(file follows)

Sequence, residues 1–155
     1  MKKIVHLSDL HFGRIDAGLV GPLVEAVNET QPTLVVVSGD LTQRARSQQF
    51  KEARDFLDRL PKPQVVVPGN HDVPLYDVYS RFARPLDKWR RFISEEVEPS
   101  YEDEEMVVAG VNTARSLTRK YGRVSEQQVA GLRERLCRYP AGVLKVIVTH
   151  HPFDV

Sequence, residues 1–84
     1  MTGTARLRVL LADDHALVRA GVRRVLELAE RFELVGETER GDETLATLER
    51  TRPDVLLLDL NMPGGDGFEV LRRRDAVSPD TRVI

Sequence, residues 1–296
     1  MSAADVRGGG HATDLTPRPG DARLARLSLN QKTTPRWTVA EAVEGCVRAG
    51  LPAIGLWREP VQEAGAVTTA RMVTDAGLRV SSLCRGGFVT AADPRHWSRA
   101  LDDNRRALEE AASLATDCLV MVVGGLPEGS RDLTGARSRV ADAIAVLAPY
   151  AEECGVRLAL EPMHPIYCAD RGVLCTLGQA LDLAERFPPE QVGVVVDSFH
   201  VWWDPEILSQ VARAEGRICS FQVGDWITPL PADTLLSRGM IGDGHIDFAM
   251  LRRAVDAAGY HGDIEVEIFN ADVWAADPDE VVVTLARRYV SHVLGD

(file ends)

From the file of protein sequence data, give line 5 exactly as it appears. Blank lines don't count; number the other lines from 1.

   151  HPFDV